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The explosion was utterly silent.
Vargas hung in emptiness and saw the red finger of the rocket's flame lance out and find Carstairs. The shell hit the astronaut's jet backpack and exploded into a meteor shower of shredded fabric, metal and flesh. The young Venezuelan flinched inside his space suit, expecting the blast to knock him tumbling. But in the vacuum of space there was no blast, no sound. Just a surreal nightmare, hanging helplessly in weightless horror as Carstairs' helmeted head, severed from its trunk, spun past spewing blood into the black emptiness.
“It's a trap!” one of the others was yelling. Vargas heard it as a terrified screech in his helmet earphones. “Get back! It's a trap!”
But Vargas could not move. He was frozen, paralyzed with shock and sudden numbing fear.
The big Russian ore freighter hung in space, a massive sphere, a fat ovum, with the four needle-shaped flitters hovering close by like eager sperm cells. It was supposed to be easy, Vargas thought. A simple hijacking, like all the others. But instead of ores from the Moon, this Soviet freighter was carrying Russian troops armed with rocket-firing rifles.
A Trojan Horse. There had been no warning, no hint of danger. Vargas had piloted one of the four flitters from the space station Nueva Venezuela to intercept the freighter. It was supposed to have been unmanned, a drone ore carrier coasting from the Gulag mines on the Moon to the Soviet factories in orbit near the Earth. Dan Randolph had sent them out on missions like this half a dozen times.
But the spherical freighter had cracked open like a giant clamshell and disgorged two dozenarmed cosmonauts. Their first shot had blown Carstairs apart and frozen Vargas where he hung unarmed and feeling very naked, between his own flitter and the advancing Russian troops.
They were asking no questions, showing no mercy. Two more of Vargas' companions were blown apart by rocket rounds. One of the flitters took a hit in its middle and its propellant tanks blew up in a brilliant soundless flash of flame.
“Get back to the ship!” Njombe's deep voice roared in his earphones. “Get the hell out of here!”Vargas tried to blink away the searing image of the exploding flitter. His eyes burned and watered. He knew that he had to turn himself around, get away from the freighter and its space-suited soldiers. But he could not make his hands move, could not even flex his fingers. He was drifting toward the Russians, as the screams and curses of dying men filled his earphones.
A second flitter exploded as a rocket hit it. Vargas could see a space-suited figure suddenly flash into a smaller burst of flame as debris from the shattered spacecraft ripped into the oxygen tank of his backpack. A long agonized scream rasped in Vargas' earphones.
“I'm burning. . . . Helllp. . . .”
Another rocket shell reached out unerringly, trailing red fire like a malevolent meteor, and blew the thrashing man apart.
The sudden silence seemed to crush the breath out of Vargas. His chest constricted. He could feel his heart trying to burst through his ribs.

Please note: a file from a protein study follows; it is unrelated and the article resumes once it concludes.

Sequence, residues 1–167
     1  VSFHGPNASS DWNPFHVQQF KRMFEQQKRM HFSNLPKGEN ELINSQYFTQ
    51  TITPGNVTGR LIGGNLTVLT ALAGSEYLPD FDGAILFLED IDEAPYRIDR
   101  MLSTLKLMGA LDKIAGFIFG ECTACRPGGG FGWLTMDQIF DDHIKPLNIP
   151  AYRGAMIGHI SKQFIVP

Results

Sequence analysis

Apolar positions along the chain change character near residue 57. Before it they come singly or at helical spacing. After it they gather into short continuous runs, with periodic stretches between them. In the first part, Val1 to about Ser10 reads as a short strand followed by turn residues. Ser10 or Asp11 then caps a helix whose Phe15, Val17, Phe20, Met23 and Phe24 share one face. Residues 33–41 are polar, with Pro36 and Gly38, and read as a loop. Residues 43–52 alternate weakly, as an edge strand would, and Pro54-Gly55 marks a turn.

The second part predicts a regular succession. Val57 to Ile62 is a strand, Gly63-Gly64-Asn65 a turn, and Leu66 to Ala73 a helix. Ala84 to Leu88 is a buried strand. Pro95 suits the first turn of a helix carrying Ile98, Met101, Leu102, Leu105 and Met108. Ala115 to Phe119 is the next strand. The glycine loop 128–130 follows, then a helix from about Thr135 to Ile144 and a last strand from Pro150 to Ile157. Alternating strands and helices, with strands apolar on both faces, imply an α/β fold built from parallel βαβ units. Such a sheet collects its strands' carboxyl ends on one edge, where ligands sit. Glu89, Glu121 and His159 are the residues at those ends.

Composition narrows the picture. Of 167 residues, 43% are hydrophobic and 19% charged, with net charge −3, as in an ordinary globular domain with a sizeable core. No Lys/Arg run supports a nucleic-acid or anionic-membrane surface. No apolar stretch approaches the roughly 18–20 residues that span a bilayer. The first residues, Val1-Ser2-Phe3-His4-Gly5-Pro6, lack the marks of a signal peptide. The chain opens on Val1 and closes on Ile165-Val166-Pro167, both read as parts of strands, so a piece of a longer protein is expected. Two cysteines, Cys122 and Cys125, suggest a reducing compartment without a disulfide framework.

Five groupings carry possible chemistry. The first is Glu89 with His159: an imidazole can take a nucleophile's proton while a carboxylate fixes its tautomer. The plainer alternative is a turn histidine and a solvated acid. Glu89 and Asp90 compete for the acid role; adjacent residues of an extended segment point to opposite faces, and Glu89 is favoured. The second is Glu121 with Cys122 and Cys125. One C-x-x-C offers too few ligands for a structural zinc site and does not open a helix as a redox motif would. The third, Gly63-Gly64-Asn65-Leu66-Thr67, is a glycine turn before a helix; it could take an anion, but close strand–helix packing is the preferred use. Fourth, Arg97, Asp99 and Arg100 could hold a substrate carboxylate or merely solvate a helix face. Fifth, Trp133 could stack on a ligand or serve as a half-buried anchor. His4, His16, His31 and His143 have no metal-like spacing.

“Vargas! Move it! Get back here, boy!”
Njombe's voice broke the shell of ice that seemed to encase him. He looked down at his hands, past the thick metal rim of his helmet collar, and saw that they were shaking uncontrollably.
“Come on, Paco! Move it!”
With every ounce of strength in him, Vargas forced his hands to stop shaking, forced his fingers to touch the buttons on the control arms of his jet backpack. But as he looked up, he saw the third flitter blow up. The Russian troops were swarming outward now, leaving the concealment of the freighter's shadow and jetting out into the sunlight. Their space suits were a light tan, Vargas saw; a part of his mind noted quite calmly what trivia the senses can observe in the midst of terror.
There were only two other astronauts left floating weightlessly between the freighter and the last remaining flitter, and the Russians were streaming out after them. Vargas turned himself around, the jetpack thrusters puffing out microscopic bursts of cold gas. Another astronaut sailed past him, racing at top speed for the last remaining flitter where Njombe waited, still bellowing into his radio microphone for them to hurry.
Vargas turned his head to find where the other man was, just in time to see a rocket shell reach him. He was one of the newcomers to Dan Randolph's little band of pirates, younger even than Vargas himself. A fellow Venezuelan. In the flash of a second before the shell detonated, Vargas had just time enough to register the kid's face, eyes wide with panic, mouth gaping, lips peeled back to show every tooth, legs churning uselessly in a mad impersonation of a man being chased by something horrifying. The flash of the shell's explosion blinded Vargas momentarily; everything turned hot white, then black. Something thumped against him and set him spinning, tumbling, head over heels, as the jetpack's thrusters struggled automatically to right him. Vargas squinted through painful eyes and saw what had hit him: an outstretched arm, the fingers of its dead hand reaching out in useless supplication.